Store signage should be consistent not only in design and placement in the store, but in how the retailer delivers the message. Signs should use a uniform template that includes the store logo, similar vocabulary and content, typefaces and material. Sign sizes should also be standard for all departments. "Create uniform visual effects so customers know this is the store's message," Jacobowitz says.Perfecting placement
Retailers should also beware of clutter. "You need the right kind of signage that fits with your cases or shelves," Sperry says. "In the meat case, you want customers to see the meat. You don't want a huge sign covering it up. Sometimes less is more."
Swoboda recalls walking into a store that wanted to make a point of marking all the items that were gluten-free and wheat-free. "Every single item in the store that was gluten- and wheat-free had an orange tag on it. You look down an aisle and see a million orange tags. You can't even see the product.
"You have to tone down the quantity of the signs." Rather than tags, she suggests small dots or even color-tinted plastic strips over bar codes. Stores could provide fliers telling shoppers what the different colors indicate.
"Creating a section in the store where fliers, booklets and other information can be found can be a valuable tool," Matrix's Wolfson says.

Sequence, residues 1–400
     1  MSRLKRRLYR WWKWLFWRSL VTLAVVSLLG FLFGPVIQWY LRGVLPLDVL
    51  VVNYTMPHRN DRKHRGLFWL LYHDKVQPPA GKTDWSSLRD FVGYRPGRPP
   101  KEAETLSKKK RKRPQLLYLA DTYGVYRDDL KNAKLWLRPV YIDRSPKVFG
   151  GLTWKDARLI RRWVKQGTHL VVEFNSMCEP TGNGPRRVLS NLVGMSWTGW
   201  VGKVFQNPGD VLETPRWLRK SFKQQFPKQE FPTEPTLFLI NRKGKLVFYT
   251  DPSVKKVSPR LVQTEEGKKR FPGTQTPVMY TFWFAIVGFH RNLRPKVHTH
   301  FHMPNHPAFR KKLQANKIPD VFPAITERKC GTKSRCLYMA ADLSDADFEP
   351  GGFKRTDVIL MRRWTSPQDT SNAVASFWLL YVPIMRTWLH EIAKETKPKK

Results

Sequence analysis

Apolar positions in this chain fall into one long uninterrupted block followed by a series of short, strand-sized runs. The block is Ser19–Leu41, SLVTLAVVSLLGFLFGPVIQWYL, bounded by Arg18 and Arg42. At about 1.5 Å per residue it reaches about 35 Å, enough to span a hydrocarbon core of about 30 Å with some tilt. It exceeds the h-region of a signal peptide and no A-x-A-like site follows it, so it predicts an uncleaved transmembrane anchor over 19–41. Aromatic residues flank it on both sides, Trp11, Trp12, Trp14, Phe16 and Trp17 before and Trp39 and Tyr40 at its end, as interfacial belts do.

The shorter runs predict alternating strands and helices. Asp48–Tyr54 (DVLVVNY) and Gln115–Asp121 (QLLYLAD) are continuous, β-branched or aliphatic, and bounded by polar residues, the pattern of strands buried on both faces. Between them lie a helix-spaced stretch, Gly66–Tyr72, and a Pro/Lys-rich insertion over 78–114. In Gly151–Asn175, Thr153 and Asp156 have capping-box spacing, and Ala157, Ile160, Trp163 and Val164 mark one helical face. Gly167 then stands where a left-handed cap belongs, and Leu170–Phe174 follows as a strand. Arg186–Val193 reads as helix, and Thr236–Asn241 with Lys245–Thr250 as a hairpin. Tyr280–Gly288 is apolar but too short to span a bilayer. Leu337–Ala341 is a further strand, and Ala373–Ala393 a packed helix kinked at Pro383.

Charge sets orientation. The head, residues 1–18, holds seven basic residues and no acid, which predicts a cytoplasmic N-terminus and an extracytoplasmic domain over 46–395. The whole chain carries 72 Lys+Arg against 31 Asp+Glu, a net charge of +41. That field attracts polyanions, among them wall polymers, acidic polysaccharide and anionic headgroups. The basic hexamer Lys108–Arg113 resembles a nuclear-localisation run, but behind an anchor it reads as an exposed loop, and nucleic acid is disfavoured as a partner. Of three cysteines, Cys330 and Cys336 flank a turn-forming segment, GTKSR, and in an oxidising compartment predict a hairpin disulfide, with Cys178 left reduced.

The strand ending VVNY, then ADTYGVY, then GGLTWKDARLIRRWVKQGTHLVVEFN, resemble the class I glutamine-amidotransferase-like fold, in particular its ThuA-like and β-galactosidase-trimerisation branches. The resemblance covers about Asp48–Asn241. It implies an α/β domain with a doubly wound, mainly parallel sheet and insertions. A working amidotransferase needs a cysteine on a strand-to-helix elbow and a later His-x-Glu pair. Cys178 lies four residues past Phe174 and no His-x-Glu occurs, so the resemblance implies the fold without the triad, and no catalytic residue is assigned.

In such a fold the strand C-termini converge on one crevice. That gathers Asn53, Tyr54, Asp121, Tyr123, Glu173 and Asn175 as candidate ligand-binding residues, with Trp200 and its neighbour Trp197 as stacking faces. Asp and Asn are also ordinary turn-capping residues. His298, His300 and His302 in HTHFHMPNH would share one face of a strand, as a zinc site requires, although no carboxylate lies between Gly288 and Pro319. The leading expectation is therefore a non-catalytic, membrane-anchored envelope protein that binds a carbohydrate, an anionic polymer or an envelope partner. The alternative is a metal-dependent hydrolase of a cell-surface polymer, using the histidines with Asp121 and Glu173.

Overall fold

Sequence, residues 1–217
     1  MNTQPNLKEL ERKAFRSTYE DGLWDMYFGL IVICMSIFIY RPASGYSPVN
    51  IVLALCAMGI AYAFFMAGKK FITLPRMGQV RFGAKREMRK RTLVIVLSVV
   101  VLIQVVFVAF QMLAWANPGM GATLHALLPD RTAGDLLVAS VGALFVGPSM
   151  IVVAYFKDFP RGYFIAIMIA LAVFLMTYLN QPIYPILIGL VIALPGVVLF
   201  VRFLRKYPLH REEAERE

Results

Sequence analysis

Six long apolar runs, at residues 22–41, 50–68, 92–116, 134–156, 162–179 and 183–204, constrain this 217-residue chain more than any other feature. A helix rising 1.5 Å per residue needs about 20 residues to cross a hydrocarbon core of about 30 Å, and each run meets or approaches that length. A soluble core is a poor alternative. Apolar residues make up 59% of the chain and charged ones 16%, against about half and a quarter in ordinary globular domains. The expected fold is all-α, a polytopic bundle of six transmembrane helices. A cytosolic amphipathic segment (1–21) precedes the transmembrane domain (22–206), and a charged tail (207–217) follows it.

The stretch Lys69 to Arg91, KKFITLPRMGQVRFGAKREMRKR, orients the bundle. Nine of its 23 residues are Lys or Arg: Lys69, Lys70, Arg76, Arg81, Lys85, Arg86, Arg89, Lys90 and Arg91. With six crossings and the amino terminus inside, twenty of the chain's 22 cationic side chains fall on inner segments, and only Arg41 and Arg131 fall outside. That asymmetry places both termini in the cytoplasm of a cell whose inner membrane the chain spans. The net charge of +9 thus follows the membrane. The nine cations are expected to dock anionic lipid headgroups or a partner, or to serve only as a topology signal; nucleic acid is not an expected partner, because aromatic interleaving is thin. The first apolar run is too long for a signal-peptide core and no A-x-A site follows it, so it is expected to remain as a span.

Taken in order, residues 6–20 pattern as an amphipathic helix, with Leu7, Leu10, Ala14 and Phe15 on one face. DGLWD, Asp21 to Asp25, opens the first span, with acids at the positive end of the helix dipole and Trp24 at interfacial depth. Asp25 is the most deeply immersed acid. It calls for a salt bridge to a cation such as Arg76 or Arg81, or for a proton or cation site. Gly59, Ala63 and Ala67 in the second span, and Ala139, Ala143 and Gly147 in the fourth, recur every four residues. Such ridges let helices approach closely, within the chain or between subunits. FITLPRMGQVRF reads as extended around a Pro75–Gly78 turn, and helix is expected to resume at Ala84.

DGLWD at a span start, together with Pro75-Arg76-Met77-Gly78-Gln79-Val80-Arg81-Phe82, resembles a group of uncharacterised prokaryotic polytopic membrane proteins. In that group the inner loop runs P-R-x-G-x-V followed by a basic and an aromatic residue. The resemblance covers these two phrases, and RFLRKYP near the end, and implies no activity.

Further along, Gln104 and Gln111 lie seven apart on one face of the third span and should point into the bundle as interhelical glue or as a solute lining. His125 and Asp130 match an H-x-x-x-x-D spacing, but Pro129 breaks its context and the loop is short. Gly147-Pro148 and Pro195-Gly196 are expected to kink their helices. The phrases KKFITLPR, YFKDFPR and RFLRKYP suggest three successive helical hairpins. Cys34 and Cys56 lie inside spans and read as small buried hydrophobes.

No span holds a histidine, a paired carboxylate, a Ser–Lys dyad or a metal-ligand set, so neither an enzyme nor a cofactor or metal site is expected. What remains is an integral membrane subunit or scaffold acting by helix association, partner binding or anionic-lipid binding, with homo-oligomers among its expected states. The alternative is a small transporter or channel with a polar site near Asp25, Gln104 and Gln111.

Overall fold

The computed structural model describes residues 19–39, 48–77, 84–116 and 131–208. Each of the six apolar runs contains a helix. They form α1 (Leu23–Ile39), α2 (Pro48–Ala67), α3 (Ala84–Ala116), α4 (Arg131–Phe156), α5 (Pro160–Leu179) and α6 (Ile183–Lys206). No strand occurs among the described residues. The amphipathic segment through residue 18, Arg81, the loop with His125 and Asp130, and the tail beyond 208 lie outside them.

Jacobowitz suggests using different symbols. "You could have a store map and guide with an icon, a symbol or a letter indicating when it's organic or wheat-free." It's a good way for retailers to help customers learn to shop their stores and what to look for in their signage, he says.Get creative
Following these guidelines doesn't mean naturals retailers can't be creative. Sperry recalls working as a produce manager when his store was out of strawberries because a freeze in California wiped out the crop. He wanted to let customers know the reason there were no strawberries. His solution: "I had the graphic artist make a sign of somebody surfing in a winter jacket."
With some creativity, signs can be an effective way of setting a store's tone and conveying its purpose. Jacobowitz points to the signage in the Trader Joe's chain as an example. "It has a character that is unmistakable," he says. "The signs tell a story and create a personality. In fish, candy, produce or nuts, they have a storytelling voice that's familiar."
Sperry says effective signage captures the retailer's mission. "It has to do with what you are trying to achieve. Small independent stores are trying to differentiate themselves. What's your hook? Why should I go to you?"
He points to Natural Grocer, a small store in Portland, Maine, that was going to be hurt by a larger Wild Oats moving in. Natural Grocer was committed to carrying products from Maine. "All that Maine had to offer?Maine growers, Maine producers. The message was, if you wanted to support Maine agriculture, then come to Natural Grocer," Sperry recalls.
"Whatever your mission is, your signage needs to reflect that to the consumer."
Signage doesn't have to be expensive. Hiring part-time graphic artists to develop signs, using software, even asking manufacturers' vendors for signs are good ways to cut expenses, experts say.
Jane Hoback is a Denver-based writer and editor.
Natural Foods Merchandiser volume XXIX/number 2/p. 22